“Our Democratic friends want the federal government to take over elections, but historically those have been handled at the state level — I think that makes the most sense,” Senator John Cornyn, Republican of Texas, told reporters. “Actually that’s the safest, in terms of interference from outsiders. It’s actually our dispersed system that makes it harder for an adversary to come in and meddle with our elections. So, I don’t see that as being a part of this coronavirus response.”

Mr. Blunt said that local elections officials were best positioned to determine how to carry out their own elections and that federal interference would bog down decision-making. He said the federal government should provide the resources but leave the final say to local jurisdictions.

“If the states want to do all these things, I have no problem with it,” Mr. Blunt said. “This is a responsibility that the states have always had, and I think they would do it much better than the federal government. The federal government cannot do everything.”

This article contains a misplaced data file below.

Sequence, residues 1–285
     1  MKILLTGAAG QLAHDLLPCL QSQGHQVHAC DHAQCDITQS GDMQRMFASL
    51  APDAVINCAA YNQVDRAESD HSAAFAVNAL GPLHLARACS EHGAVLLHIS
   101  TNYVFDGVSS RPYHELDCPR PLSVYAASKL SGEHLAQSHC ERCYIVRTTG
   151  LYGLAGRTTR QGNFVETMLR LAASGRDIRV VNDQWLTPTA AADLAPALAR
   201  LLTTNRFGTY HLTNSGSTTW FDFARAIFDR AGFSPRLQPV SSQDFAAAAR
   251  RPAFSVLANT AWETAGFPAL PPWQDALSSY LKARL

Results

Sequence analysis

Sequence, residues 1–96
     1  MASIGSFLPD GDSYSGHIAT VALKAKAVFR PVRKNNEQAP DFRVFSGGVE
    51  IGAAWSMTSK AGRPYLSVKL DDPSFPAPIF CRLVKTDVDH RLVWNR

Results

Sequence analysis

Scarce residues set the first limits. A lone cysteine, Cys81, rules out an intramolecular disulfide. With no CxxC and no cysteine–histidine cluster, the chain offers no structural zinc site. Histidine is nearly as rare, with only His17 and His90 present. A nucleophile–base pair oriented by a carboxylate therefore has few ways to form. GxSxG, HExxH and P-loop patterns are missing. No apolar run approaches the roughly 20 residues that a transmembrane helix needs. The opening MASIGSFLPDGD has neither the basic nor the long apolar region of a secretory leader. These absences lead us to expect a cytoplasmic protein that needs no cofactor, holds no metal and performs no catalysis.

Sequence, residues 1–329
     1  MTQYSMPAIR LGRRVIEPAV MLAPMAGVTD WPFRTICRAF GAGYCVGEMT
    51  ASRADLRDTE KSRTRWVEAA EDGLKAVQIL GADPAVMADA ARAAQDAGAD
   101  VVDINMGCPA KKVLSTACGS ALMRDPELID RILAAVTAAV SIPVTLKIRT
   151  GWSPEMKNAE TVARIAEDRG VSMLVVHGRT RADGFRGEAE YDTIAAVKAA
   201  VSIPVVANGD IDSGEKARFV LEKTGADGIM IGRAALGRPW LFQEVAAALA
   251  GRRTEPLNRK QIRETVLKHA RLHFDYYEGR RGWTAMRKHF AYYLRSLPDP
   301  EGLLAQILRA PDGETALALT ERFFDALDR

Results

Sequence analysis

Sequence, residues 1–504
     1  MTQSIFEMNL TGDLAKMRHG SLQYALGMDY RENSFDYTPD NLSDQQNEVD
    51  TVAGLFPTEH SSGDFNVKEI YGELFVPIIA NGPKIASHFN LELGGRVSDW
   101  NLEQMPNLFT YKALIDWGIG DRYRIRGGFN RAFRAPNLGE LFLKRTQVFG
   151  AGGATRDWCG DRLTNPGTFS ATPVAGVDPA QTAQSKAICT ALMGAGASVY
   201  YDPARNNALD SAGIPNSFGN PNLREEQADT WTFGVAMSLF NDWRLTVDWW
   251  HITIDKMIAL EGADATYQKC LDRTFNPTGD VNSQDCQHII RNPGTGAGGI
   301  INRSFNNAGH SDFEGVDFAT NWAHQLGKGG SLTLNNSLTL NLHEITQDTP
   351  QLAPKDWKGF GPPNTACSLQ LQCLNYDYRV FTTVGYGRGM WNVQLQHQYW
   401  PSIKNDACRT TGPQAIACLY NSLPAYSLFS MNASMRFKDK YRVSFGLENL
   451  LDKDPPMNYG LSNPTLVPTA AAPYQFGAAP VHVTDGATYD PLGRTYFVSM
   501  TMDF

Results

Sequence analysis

But after the spectacle of thousands of Wisconsin voters risking potential exposure to the coronavirus while waiting in line to cast their ballots this week, and with elections around the nation being postponed, Democrats say it is time for the federal government to step in.

“When you look at what is happening in Wisconsin and what’s going on around the country, we can’t let this happen in the fall,” Ms. Klobuchar said.

She conceded that it was impossible to predict now what the state of the pandemic crisis would be in several months. “But whatever it is,” she said, “there is no reason that this early on we cannot reform our election process.”